ESPN's Jay Williams largely doubled down on his comments about how Caitlin Clark should be talked about from a historic standpoint. Photo Credit: ESPN Jay Williams and Dave Pasch call Wednesday’s game between Kentucky and LSU. Photo Credit: ESPN

Days after his comments about Caitlin Clark’s greatness — or lack thereof — ESPN’s Jay Williams attempted to clarify his comments.

Clark recently became the greatest scorer in NCAA women’s basketball history and is on track to become the greatest scorer — women or men — in NCAA basketball history. Shortly after, Williams offered some interesting commentary, saying “I am unwilling…to say that she is great yet. I think she’s the most prolific scorer the game has ever seen. I hold great, or the levels of immortality or the pantheon, to when you win championships.”

Naturally, that comment drew some debate.

On Wednesday, Clark and Dave Pasch were on the call for LSU’s thrilling win over Kentucky. During the second half of that game, Pasch and Williams reopened the discussion about Clark.

“We were talking about greatest. I hear people talk about GOATS. For me, I’m like, ‘OK. You want to be a GOAT? Fine. There’s level of greatness. You gotta win championships to be GOATS. When people want to dawn her as the greatest of — I’m like, ‘Let’s slow down.’ I’ve seen Diana Taurasi. I’ve seen Breanna Stewart. You can sit here and tell me all day long, ‘Well, she’s played with other great players.’ OK. Great. Championships. That’s how we measure greatness overall.”

Pasch then asked Williams for clarification. “So, you’re saying she’s a great player? But you’re not putting her in the pantheon of the greatest of all time until she wins a title?”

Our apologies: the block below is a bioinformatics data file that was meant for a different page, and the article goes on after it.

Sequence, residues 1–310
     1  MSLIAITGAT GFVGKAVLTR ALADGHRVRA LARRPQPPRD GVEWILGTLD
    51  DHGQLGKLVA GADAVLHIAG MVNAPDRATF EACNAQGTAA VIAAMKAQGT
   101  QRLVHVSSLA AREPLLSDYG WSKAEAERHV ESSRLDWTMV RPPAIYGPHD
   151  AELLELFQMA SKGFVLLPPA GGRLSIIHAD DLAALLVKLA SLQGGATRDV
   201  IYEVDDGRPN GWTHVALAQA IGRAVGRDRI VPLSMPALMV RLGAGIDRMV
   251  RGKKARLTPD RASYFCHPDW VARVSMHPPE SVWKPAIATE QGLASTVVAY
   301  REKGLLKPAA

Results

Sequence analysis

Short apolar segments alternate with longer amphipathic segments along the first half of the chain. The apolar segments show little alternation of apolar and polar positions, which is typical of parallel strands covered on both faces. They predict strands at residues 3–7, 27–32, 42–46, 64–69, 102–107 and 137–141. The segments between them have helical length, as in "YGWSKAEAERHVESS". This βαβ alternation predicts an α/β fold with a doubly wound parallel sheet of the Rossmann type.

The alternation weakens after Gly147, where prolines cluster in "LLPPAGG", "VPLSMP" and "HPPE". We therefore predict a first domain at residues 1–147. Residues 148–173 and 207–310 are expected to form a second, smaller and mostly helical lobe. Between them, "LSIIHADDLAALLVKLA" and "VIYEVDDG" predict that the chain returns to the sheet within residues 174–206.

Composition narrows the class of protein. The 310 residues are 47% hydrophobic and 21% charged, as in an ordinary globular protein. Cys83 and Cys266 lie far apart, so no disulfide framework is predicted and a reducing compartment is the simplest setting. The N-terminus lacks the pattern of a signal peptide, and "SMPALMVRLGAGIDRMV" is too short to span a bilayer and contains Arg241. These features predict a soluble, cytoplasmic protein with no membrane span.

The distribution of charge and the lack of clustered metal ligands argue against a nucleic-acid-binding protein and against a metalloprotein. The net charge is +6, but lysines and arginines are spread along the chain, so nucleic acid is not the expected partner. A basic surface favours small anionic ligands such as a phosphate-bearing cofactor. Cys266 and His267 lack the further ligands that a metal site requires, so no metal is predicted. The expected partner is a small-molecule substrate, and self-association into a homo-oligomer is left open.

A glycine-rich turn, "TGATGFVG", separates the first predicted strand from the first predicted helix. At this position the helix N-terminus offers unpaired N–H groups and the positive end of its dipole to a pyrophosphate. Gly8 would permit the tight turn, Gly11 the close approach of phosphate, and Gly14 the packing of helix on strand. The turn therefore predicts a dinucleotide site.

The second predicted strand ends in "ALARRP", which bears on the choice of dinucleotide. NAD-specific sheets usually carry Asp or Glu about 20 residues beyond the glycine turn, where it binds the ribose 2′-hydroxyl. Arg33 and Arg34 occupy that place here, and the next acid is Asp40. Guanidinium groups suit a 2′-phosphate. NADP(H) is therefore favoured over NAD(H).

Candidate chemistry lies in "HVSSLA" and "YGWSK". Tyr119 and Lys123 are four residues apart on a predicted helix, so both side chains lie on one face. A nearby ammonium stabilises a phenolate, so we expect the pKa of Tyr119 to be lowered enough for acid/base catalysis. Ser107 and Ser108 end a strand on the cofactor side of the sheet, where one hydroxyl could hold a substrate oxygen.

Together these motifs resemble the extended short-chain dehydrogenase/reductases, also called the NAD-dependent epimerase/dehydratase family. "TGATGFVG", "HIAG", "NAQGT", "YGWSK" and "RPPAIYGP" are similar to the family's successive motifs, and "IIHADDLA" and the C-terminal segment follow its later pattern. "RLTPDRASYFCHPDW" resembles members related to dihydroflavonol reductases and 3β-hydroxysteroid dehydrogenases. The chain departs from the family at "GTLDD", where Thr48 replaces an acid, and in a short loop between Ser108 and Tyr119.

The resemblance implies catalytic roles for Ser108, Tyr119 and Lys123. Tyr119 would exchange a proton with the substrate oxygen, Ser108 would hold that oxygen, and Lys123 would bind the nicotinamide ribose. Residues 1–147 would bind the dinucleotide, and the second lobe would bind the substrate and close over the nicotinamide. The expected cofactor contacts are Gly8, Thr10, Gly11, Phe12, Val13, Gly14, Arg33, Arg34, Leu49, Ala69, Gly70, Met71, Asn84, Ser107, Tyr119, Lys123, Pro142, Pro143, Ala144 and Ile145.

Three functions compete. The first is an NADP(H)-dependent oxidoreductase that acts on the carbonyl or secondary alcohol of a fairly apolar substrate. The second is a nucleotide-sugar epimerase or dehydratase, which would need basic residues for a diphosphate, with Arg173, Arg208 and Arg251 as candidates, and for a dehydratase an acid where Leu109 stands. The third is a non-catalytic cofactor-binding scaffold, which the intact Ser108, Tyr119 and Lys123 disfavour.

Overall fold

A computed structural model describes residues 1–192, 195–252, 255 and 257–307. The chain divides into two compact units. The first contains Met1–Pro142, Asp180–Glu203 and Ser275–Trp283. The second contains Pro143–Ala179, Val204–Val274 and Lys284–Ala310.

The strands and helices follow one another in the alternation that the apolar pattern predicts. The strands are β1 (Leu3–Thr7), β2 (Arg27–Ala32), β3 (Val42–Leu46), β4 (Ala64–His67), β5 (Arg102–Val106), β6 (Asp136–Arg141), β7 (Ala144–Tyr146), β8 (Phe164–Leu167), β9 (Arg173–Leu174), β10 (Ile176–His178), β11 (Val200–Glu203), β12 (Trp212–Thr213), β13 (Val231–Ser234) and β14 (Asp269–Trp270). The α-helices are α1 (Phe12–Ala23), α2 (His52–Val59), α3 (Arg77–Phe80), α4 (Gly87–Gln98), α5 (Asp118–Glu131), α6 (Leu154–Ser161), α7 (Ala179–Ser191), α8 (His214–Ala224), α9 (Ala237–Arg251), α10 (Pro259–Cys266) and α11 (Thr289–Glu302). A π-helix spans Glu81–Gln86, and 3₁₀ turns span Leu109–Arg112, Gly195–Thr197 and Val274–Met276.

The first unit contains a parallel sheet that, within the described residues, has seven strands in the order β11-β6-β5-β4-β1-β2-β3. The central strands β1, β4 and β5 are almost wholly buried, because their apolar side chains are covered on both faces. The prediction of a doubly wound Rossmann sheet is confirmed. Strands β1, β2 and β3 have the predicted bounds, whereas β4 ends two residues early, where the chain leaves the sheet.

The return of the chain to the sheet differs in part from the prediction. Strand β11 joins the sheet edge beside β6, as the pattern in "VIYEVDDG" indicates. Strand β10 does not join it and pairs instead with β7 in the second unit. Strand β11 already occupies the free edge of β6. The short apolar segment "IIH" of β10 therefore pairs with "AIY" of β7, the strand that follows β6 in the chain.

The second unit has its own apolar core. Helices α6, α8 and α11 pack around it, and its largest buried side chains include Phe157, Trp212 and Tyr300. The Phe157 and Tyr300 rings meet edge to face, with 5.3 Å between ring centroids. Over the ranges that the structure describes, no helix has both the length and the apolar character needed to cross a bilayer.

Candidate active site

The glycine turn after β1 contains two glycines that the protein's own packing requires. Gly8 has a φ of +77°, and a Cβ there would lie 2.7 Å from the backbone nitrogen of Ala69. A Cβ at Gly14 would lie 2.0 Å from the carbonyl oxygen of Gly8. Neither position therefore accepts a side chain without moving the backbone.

“Yes. And that’s my opinion. That’s OK. I just, we qualify Tom Brady the best at winning championships.”

Williams’ comments were not universally slammed. He had people backing his opinion.

But by and large, the general feeling was that Williams had again missed the mark.

Williams isn’t entirely wrong. The standard used for greatness tends to be championships won. But comparing Clark to professionals is not entirely fair. You only get four years (max) to win in college. Tom Brady won his third Super Bowl in 2004 and didn’t win his fourth until 2014. Michael Jordan didn’t win his first NBA title until his seventh season. Even at the college level, if championships are where greatness is measured, was Mario Chalmers a better college player than Steph Curry?

Despite Williams’ gripe, the reaction to his comments on Clark was not simply people grabbing a three-second clip. Williams was given plenty of time to defend his opinions. And while he may not have been entirely off base, his points weren’t exactly clear hits, either.

[Photo Credit: ESPN]

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